Podcast: Kelsey Hightower on Extending Kubernetes, Event-Driven Architecture, and Learning
MMS • Kelsey Hightower
In this podcast, Daniel Bryant sat down with Kelsey Hightower, Staff Developer Advocate at Google. Topics covered included: the extensibility of Kubernetes, and why it has become the platform that other platforms are being built on top of; creating event-driven architectures and deploying these onto Function-as-a-Service (FaaS) platforms like the Kubernetes-based Knative and Google Cloud Run; and the benefits of learning, sharing knowledge, and building communities.
- Kubernetes is a platform for building platforms. It may not be as opinionated as traditional Platform-as-a-Service (PaaS) offerings, but it has become popular due to its extensibility. There are PaaS-like solutions built on top of Kubernetes, such as OpenShift, Knative, and Cloud Run.
- The creation of common interfaces within Kubernetes — such as Custom Resource Definitions (CRDs), Container Networking Interface (CNI), and Container Runtime Interface (CRI) — enabled the adoption of the platform by vendors and the open source community without everyone needing to agree on exactly how to implement extensions.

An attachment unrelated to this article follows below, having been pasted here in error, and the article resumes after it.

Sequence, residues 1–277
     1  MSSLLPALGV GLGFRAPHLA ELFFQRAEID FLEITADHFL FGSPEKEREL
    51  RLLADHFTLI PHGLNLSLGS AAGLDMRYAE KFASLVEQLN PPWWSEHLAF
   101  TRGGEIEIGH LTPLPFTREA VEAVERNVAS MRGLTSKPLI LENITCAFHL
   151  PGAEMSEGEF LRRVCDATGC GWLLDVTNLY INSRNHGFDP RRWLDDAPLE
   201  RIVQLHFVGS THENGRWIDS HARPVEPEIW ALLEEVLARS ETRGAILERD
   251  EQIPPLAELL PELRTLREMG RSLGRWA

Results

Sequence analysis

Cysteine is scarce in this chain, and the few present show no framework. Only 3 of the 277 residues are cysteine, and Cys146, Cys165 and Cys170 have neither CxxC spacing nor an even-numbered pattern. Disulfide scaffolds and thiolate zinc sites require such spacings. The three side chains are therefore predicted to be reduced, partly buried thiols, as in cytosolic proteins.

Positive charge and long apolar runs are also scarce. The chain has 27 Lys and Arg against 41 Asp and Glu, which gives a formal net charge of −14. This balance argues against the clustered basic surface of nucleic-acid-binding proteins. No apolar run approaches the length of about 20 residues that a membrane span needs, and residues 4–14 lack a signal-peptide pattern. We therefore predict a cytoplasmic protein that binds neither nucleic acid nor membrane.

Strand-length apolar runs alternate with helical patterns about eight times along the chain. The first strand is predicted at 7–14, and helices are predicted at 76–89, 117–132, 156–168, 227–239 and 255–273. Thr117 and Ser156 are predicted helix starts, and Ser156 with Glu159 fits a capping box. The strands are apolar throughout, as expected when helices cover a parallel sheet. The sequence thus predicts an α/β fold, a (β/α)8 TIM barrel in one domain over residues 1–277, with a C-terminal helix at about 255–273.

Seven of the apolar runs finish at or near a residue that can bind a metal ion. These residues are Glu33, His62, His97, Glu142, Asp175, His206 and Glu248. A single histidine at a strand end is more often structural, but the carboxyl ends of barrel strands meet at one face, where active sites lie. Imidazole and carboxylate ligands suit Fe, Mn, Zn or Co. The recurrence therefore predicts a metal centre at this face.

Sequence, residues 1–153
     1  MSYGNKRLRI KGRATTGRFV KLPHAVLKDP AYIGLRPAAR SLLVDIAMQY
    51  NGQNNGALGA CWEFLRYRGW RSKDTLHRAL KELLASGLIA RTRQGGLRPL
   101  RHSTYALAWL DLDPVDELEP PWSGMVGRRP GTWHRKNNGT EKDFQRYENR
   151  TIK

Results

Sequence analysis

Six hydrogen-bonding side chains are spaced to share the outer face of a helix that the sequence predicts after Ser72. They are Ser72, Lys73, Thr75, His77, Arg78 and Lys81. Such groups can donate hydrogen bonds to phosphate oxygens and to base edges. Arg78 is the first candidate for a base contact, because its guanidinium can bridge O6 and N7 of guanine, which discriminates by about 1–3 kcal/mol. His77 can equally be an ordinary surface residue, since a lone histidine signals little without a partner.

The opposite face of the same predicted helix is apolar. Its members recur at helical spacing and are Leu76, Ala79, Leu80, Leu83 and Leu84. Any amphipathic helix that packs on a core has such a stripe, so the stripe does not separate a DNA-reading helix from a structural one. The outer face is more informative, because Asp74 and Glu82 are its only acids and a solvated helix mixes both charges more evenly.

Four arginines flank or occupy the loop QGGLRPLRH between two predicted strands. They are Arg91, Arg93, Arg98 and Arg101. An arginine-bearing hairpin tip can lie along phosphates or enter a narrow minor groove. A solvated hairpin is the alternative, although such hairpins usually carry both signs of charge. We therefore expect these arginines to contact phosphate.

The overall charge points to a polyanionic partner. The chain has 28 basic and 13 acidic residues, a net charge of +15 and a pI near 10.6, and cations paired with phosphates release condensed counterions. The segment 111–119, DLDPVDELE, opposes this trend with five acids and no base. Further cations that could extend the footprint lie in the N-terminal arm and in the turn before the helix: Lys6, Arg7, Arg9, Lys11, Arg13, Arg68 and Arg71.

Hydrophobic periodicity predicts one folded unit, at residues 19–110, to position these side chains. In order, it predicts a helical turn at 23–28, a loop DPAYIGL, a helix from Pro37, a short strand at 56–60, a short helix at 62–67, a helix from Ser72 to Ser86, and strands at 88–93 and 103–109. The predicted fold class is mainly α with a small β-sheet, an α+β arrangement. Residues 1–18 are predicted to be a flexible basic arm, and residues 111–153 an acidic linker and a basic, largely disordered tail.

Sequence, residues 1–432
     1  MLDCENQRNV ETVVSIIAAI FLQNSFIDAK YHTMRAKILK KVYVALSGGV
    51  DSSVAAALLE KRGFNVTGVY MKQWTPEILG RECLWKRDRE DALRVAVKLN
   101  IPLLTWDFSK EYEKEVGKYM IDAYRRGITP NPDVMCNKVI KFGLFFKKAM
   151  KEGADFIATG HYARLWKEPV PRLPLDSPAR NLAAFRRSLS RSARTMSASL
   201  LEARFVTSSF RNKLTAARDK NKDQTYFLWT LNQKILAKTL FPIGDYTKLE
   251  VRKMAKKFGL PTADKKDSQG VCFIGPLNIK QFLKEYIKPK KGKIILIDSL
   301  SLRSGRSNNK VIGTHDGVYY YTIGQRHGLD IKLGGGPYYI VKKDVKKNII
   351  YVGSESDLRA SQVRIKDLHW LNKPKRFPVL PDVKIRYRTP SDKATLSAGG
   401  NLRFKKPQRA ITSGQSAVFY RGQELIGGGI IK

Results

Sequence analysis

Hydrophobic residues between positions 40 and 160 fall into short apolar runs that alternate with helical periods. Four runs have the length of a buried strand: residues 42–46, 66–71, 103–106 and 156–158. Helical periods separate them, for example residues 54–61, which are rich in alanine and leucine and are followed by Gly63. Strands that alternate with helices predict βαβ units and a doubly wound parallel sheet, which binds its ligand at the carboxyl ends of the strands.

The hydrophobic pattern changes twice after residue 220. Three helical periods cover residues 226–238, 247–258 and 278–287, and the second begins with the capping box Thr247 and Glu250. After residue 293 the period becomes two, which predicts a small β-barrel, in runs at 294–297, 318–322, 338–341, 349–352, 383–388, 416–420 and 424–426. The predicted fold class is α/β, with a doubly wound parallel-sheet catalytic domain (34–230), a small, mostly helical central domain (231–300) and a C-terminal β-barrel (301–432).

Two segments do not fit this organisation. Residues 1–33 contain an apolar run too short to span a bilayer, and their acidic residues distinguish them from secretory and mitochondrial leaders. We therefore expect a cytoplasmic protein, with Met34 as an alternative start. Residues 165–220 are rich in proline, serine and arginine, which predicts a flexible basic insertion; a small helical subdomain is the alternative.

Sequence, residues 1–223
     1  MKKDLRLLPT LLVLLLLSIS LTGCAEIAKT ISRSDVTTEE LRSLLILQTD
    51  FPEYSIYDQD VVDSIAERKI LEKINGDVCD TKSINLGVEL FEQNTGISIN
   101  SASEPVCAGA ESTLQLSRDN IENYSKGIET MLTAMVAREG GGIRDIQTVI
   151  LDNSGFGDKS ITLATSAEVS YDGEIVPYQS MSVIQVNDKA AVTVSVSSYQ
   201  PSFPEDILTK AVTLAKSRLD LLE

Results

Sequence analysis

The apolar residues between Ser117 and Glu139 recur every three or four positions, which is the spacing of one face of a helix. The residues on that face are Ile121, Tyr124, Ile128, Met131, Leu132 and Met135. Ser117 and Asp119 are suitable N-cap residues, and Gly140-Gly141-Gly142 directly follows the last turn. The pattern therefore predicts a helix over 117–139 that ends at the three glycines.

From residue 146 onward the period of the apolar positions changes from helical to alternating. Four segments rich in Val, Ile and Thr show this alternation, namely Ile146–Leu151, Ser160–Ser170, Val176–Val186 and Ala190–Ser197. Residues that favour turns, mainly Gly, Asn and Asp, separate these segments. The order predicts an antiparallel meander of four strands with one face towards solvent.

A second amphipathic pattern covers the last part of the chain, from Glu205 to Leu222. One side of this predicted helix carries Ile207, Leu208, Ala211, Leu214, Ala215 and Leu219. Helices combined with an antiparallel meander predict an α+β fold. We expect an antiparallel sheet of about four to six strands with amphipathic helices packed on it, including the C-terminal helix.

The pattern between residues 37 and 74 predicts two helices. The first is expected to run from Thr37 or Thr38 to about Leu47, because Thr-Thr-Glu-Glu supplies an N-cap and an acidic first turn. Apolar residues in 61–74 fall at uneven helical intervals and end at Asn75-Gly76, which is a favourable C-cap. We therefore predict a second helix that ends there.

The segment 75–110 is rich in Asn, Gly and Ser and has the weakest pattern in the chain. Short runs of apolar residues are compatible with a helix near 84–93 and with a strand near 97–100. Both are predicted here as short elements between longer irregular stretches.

- Although not every workload can be effectively implemented using an event-driven architecture, for those that can the Kubernetes-based Function-as-a-Service (FaaS) platforms like Knative and Cloud Run can handle a lot of the operational management tasks for developers.
- Engineers may be able to get ~90% of the “service mesh” traffic management functionality they need from using a simple proxy. However, the separation of the control and data planes within modern service meshes, in combination with the rise in popularity of the sidecar deployment model, has provided many benefits within Kubernetes.
- A lot of learning within software development and information technology is transferable. If you spend time going deep in a technology when you begin your career, much of what you learn will be useful when you come to learn the next technology.
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